Google's Paris Headquarters Raided in Tax Probe
"We comply with French law and are cooperating fully with the authorities to answer their questions," says a representative.
French investigators on Tuesday raided Google's Paris headquarters as part of a tax evasion and money laundering investigation.
Sources near Google confirmed the raid, and Reuters said the French financial prosecutor's office also confirmed the news.
The probe, launched last June, focuses on whether Google Ireland has failed in meeting its fiscal obligations in France, it quoted the prosecutor's office as saying.
"We comply with French law and are cooperating fully with the authorities to answer their questions," said a Google representative.
Google was asked earlier this year to make about $1.75 billion in past tax payments to the French government.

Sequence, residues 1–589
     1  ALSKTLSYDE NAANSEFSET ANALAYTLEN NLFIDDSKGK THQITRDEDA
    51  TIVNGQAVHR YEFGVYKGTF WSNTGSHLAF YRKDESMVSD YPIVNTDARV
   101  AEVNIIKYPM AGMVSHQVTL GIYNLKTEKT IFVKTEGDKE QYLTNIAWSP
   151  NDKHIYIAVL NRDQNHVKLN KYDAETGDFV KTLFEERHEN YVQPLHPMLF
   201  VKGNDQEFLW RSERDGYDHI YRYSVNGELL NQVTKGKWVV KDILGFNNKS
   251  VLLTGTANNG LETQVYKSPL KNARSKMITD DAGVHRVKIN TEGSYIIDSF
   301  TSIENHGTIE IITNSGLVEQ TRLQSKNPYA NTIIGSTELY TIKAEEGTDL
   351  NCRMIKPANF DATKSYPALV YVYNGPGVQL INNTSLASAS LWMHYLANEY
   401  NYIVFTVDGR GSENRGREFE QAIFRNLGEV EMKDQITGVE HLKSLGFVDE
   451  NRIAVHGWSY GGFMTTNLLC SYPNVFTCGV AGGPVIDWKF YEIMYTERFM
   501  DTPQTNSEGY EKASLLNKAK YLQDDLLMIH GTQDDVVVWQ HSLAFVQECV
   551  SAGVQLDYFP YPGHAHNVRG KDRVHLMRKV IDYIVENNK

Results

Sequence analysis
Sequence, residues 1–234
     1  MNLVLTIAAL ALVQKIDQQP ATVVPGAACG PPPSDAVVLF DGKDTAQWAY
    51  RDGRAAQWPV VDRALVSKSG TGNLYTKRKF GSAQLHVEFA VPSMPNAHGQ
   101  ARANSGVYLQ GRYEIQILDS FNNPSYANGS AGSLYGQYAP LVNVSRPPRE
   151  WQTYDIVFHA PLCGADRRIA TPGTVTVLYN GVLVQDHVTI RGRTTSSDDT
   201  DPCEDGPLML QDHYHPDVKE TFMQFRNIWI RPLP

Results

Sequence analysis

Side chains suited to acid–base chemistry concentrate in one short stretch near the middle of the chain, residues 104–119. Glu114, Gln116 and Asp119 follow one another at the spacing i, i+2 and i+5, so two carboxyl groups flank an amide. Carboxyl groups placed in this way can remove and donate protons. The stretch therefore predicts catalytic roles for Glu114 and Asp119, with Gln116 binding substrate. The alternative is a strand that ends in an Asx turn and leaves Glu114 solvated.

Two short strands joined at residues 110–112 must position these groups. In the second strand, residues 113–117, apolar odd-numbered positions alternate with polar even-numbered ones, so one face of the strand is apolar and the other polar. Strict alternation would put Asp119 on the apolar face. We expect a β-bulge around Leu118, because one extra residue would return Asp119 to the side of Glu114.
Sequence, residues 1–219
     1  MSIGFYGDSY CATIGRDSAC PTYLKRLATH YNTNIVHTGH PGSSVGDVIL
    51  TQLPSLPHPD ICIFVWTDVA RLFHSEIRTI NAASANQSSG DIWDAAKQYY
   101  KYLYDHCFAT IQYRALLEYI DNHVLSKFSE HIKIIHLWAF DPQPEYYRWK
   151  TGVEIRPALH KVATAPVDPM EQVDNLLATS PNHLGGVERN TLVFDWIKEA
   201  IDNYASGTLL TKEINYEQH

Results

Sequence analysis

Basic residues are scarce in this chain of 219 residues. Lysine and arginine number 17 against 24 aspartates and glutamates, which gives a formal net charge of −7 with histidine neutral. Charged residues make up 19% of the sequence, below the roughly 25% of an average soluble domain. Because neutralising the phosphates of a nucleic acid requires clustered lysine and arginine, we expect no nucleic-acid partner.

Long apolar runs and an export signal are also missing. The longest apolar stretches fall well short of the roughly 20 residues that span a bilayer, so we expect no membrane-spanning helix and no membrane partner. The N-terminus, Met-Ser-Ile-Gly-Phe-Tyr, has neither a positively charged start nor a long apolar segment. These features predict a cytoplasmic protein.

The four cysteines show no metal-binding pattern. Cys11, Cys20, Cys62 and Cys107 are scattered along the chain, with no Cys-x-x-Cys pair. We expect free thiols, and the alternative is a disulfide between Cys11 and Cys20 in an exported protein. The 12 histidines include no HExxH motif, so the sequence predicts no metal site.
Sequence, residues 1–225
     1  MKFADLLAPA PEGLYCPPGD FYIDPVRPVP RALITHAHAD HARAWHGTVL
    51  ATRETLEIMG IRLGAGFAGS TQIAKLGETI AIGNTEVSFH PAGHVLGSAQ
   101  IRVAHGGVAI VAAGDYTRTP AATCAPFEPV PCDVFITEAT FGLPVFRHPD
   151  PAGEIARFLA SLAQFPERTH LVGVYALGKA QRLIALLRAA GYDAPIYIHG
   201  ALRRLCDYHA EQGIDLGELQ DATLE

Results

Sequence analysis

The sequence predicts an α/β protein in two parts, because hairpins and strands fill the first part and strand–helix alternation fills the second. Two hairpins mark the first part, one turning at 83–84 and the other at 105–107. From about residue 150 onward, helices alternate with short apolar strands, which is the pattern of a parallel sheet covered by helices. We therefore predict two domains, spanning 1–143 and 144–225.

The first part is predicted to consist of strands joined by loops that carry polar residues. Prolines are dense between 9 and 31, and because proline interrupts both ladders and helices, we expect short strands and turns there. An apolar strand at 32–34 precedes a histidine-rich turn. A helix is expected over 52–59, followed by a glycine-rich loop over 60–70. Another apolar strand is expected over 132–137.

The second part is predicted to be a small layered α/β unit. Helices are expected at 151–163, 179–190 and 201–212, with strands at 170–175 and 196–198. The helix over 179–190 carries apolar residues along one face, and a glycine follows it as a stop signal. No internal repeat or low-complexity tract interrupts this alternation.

Google's taxes have been in focus on the continent. The Internet giant's Paris office was raided in 2011 in a probe about inner-European financial flows. And in the U.K., the company this year struck a $190 million tax deal for the 2005-2014 period, which critics said was too low for such a big company.
The European Commission earlier this year formally accused Google of antitrust violations, saying in a so-called statement of objections that the online giant has been abusing the dominance of its Android mobile operating system.
The EU Commission is carrying out separate investigations into Google practices in other areas, including allegations that it is giving favorable treatment to its own specialized services in Google Search and concerns regarding the use of rivals' web content.